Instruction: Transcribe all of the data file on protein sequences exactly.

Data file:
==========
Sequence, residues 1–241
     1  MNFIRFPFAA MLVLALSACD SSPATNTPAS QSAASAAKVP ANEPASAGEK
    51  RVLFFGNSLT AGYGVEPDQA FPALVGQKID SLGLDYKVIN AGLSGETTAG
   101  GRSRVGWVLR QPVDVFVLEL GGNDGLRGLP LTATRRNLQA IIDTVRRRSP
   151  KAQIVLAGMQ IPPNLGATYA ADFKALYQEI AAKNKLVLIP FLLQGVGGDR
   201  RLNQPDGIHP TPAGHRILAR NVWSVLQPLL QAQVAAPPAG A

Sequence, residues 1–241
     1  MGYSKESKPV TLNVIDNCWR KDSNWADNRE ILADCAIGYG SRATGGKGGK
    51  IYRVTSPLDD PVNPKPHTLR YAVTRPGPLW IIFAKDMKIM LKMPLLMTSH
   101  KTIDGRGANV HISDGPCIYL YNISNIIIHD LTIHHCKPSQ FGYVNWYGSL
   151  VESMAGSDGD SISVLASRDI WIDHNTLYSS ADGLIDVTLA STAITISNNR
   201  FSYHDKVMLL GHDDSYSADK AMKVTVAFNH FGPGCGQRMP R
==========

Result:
Sequence, residues 1–241
     1  MNFIRFPFAA MLVLALSACD SSPATNTPAS QSAASAAKVP ANEPASAGEK
    51  RVLFFGNSLT AGYGVEPDQA FPALVGQKID SLGLDYKVIN AGLSGETTAG
   101  GRSRVGWVLR QPVDVFVLEL GGNDGLRGLP LTATRRNLQA IIDTVRRRSP
   151  KAQIVLAGMQ IPPNLGATYA ADFKALYQEI AAKNKLVLIP FLLQGVGGDR
   201  RLNQPDGIHP TPAGHRILAR NVWSVLQPLL QAQVAAPPAG A

Sequence, residues 1–241
     1  MGYSKESKPV TLNVIDNCWR KDSNWADNRE ILADCAIGYG SRATGGKGGK
    51  IYRVTSPLDD PVNPKPHTLR YAVTRPGPLW IIFAKDMKIM LKMPLLMTSH
   101  KTIDGRGANV HISDGPCIYL YNISNIIIHD LTIHHCKPSQ FGYVNWYGSL
   151  VESMAGSDGD SISVLASRDI WIDHNTLYSS ADGLIDVTLA STAITISNNR
   201  FSYHDKVMLL GHDDSYSADK AMKVTVAFNH FGPGCGQRMP R